There are so many things you can do to improve your finances and grow your wealth. One of the best ways to improve your finances is through using sinking funds.
Sinking can help you handle expenses that are sporadic, but still need to be budgeted for. Here’s our guide to creating and using sinking funds.
What is a Sinking Fund
If you are new to building wealth and improving your finances, you may not know what a sinking fund is, but they are so valuable to helping you grow financially.
A sinking fund is an account that has a certain goal or dollar amount tied to it for a specific reason, and is funded periodically until the goal amount is met. Once that goal is met, the money stays in the account until the goal/event that the money was saved for happens.
Here’s an example of a sinking fund: let’s say you pay your car insurance annually because it is cheaper than saving each month. Instead of having your budget take a bit in the month you are billed, you save a smaller amount each month until you have that annual premium amount saved in the account.
Why Utilize a Sinking Fund
Sinking funds are earmarked for certain goals or events. Often, people will set up sinking funds for things like Christmas, vacation or parties you’re hosting. By setting this money aside for a specific reason--as opposed to dipping into your accounts or utilizing credit cards when the event arrives and going into debt, you can plan ahead and not even feel an impact in your budget and finances.
Sinking Funds can actually help keep you out of credit card debt. You don’t have to save in a sinking fund for events though. Other examples of sinking funds might be for car maintenance, or a big purchase like new furniture. These two purchases are examples of common buys that can cause people to go into credit card debt.
As consumers, we know these big events and purchases are going to happen, and instead of taking a big dent out of your monthly budget or going into credit card debt, these sinking funds allow you to keep living the same lifestyle without making a huge adjustment.
Sinking Fund vs. Emergency Fund
You may be wondering how a sinking fund differs from an emergency fund, and there are definitely differences between the two.
Sinking funds are used for a specific event, recurring event, or big purchase. These are things you know will happen. Saving for a vacation, or a baby shower or a wedding are all examples of sinking fund opportunities.
An emergency fund is crucial to protect your budget from the unexpected. Maybe there is a weather disaster that causes damage to your home or vehicle. Maybe you’re in a car accident and have additional medical bills. Maybe you lose your job (or are furloughed) due to a pandemic.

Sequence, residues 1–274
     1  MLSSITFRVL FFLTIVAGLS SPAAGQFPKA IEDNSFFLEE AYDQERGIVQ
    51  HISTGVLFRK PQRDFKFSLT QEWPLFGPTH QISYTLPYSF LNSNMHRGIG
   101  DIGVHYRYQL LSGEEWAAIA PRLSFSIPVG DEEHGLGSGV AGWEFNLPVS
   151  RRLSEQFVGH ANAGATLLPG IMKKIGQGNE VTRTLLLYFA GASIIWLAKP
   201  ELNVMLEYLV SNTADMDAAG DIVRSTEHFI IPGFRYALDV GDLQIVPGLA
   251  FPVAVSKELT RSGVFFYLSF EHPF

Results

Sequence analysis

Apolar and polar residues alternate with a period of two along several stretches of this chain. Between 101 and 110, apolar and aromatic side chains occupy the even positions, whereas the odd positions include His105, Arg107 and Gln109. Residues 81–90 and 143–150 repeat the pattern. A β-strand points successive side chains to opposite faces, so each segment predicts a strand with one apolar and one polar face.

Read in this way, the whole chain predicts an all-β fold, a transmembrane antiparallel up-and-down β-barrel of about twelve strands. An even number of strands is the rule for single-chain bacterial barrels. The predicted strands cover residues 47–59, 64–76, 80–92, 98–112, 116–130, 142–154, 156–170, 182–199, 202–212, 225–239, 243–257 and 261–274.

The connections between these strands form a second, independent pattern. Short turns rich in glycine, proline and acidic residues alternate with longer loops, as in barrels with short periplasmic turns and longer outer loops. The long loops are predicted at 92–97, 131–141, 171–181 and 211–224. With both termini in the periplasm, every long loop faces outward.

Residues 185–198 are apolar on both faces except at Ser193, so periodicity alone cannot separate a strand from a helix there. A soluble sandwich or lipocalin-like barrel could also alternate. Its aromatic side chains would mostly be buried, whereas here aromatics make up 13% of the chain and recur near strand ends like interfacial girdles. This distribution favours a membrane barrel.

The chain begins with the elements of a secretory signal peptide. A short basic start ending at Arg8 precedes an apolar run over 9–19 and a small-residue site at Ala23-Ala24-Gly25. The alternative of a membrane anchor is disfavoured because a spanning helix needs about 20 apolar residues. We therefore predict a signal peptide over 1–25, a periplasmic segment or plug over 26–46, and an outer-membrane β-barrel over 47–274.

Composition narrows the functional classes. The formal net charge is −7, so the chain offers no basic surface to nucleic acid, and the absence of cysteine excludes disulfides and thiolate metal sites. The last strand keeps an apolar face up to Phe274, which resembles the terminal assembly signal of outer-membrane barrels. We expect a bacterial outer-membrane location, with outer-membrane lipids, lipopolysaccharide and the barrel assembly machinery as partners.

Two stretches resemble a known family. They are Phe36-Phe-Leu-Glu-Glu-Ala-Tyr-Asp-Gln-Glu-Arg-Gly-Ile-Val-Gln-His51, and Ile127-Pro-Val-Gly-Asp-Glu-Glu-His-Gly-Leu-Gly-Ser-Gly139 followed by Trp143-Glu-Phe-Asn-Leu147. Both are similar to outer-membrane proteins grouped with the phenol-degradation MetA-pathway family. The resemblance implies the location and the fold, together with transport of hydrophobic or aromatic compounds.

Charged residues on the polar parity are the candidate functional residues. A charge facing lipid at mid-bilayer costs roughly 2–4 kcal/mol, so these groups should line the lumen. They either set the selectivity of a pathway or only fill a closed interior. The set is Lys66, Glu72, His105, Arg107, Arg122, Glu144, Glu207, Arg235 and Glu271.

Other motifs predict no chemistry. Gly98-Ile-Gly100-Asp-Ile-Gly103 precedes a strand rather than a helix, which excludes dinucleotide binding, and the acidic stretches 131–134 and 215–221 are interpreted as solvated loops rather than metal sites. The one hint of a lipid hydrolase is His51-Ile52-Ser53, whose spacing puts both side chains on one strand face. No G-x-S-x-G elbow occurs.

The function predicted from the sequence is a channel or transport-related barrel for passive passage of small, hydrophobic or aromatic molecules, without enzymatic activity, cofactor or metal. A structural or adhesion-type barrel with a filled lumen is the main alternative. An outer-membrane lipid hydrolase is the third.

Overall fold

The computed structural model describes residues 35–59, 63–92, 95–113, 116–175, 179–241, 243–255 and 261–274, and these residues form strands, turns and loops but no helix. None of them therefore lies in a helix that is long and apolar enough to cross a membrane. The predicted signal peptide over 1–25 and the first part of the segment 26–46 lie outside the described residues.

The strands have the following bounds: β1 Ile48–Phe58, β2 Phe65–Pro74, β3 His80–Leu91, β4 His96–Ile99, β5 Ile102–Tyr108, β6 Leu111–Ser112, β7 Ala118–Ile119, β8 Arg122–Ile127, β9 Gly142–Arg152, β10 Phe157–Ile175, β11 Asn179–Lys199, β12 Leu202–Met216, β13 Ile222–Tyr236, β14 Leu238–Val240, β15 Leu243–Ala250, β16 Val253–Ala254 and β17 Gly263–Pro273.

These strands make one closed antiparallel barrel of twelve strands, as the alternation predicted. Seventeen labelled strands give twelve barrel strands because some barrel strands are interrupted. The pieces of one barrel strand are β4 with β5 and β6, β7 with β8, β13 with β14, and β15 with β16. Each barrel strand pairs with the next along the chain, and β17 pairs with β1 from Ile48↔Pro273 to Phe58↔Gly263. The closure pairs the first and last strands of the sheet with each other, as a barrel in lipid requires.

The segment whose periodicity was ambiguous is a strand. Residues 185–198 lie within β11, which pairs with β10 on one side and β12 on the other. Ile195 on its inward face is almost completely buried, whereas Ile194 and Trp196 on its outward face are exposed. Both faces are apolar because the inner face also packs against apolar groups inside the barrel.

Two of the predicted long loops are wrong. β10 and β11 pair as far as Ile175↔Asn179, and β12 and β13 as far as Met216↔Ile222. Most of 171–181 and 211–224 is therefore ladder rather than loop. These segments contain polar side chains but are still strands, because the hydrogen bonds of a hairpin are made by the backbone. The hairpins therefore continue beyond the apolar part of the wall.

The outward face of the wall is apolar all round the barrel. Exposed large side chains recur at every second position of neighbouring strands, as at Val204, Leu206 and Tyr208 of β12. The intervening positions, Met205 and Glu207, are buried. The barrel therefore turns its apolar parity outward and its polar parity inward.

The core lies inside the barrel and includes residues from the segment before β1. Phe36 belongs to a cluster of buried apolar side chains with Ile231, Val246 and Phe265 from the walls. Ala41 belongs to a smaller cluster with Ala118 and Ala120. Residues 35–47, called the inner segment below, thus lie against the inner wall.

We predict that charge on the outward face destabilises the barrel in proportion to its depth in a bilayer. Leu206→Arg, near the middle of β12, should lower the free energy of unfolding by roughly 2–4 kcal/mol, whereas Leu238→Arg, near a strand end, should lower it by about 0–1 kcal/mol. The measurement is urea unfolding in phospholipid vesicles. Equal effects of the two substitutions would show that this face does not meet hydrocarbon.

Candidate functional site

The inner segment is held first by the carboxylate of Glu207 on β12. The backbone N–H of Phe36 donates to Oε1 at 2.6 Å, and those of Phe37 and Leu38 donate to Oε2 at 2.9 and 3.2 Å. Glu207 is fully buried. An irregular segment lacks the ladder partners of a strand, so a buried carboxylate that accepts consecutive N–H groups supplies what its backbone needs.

Emergency fund dollars should be used for just emergencies, and the recommendation is to have at least three to six months of savings set aside to cover a variety of emergencies. If you don’t have an emergency fund and want to learn more, read all about how to start an emergency fund here!
How to Fund Your Sinking Funds
There are multiple ways to fund a sinking fund, and I’m going to share with you how I fund my sinking fund.
When funding a sinking fund, it’s important to keep these earmarked funds separate from your emergency fund. When you keep them separate, it's easier to track how much you have set aside for your priorities and goals. Emergency fund money is specifically for an emergency, so I have a savings account that is just emergency funds.
I keep my sinking funds in individual savings accounts as well. I keep these accounts with an online credit union that are connected to a checking account with a debit card, so when I need to use these funds, I transfer them to the checking account, and use the debit card.
Here are the examples of sinking funds I have, my goal savings for each, and what I do once one fund has hit it’s goal.
Auto Sinking Fund Goal: $1200
Monthly Contribution: $75
Travel Sinking Fund Goal: $3000
Monthly Contribution: $150
Christmas Sinking Fund: $500
Monthly Contribution: $50
Based on my current goals, you can see I’m going to fund a couple of my accounts sooner than the others. For example, I will fund my Christmas fund fairly quickly. Once it’s funded, I will take that $50 contribution and split it between Travel and Auto. This keeps my monthly savings the same, but helps me fund the other accounts quicker. Once I dip into the account for purchases or the event I’m saving for, I begin saving into that account until it’s full again.
I hope this helps you understand how valuable sinking funds can be to growing your wealth. If you’re looking for more financial planning guides, check out these posts:
How to Save $1,000 and Start an Emergency Fund
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